Making improvements to your home is about enhancing your quality of living, while upping the value of your property. There are many different types of renovations that you can do to your property, but not all of them are guaranteed to boost your property value. If your primary goal is to raise property value, then you may want to avoid making one of these six types of home improvements.
Installing a Swimming Pool
There is a misconception that swimming pools are guaranteed to increase your property value, but that isn’t true. Enjoying a swimming pool at a family member’s or friend’s house is one thing, but owning one yourself can become an nuisance and expensive. The maintenance of a swimming pool is plentiful – cleaning out leaves and debris and ensuring that levels of chlorine is always proper; the there is algae to worry about. Then if you decide to sell your home, certain buyers will view the swimming pool as dangerous or too much maintenance. Plus, it can lead to an accident where they can get sued.
Overbuilding to Outdo the Neighborhood
Having the best house on the block is a status that many people want to have, but when you are using home improvements to achieve this, it can quickly become an ugly ordeal – especially if you’re planning to sell your home. The more renovations you do to your home, the higher you will have to hike the selling price to get a return on investment. Homebuyers browse for specific neighborhoods within their price range and your home will easily be too pricey for your neighborhood if you decide to overbuild. This will make it hard to attract a homebuyer since all the ones roaming the neighborhood are looking for homes with a lower price than your home.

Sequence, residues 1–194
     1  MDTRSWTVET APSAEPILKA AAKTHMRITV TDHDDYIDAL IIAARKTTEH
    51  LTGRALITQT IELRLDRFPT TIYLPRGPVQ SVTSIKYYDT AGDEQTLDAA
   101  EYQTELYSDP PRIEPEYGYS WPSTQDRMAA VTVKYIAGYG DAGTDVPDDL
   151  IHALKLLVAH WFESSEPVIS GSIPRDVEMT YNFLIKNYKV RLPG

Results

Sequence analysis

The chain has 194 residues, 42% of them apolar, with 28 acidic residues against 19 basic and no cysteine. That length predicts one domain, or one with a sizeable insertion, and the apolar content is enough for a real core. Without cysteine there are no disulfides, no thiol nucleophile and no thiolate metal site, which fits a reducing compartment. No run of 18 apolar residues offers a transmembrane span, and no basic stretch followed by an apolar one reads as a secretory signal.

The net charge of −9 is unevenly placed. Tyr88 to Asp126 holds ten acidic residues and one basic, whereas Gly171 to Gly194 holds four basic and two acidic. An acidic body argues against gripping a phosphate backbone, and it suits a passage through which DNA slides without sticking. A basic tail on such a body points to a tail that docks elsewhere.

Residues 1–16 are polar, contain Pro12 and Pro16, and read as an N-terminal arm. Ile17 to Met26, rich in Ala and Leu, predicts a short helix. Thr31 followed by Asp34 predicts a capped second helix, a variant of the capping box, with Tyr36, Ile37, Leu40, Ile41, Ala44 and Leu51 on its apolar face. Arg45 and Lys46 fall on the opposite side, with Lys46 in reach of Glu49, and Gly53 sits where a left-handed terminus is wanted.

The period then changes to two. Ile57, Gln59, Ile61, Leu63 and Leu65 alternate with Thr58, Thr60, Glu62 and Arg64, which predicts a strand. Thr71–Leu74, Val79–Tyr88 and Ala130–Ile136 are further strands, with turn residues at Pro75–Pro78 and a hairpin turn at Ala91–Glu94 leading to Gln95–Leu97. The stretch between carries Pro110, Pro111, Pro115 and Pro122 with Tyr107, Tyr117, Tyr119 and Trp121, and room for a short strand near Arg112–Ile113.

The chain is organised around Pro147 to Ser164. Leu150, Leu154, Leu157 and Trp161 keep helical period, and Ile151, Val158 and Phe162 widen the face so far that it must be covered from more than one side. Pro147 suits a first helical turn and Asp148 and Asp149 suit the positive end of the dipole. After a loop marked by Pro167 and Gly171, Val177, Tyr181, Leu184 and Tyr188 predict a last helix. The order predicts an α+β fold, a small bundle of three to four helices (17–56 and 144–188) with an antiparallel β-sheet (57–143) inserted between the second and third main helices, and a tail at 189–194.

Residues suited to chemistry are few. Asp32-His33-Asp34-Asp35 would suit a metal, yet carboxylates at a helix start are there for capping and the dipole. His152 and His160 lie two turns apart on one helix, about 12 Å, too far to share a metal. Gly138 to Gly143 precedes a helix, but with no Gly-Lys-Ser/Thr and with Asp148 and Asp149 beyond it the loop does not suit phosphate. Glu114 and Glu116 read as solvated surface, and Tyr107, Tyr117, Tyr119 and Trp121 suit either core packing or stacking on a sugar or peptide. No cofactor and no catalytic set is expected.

Yes, a nice lawn is very attractive, but don’t think that by doing extensive landscaping it will increase your property value. It will definitely attract homebuyers to your home, but if they see a lot of maintenance is needed to keep the lawn looking the way it does, it may scare them off.
It’s easy to get carried away with the upgrades we make to our homes, but for those who are looking to sell their properties, overdoing it can end up costing you. For instance, if you place stainless steel appliances in the kitchen, but have bathrooms and bedrooms that have vinyl flooring and shabby carpets, it won’t mesh together. Having a consistent style is important, especially if you’re looking to get an ROI for the upgrades you do make. Just don’t make too many expensive ones, so that your selling price isn’t too much higher than other homes in your neighborhood.
Making Unnoticeable Improvements
Home improvements that are likely to go unnoticed are also potential threats to your ROI. This would include new plumbing or HVAC systems. Good working plumbing and heat and air is expected by buyers, so they’re not going to be willing to pay you extra for new systems.